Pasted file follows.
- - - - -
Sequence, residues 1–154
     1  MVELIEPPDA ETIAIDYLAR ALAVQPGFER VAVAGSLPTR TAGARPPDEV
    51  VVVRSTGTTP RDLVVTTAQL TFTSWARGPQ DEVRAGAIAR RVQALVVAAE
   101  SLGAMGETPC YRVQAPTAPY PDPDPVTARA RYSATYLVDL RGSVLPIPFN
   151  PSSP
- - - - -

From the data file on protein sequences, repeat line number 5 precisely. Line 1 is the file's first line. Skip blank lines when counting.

   151  PSSP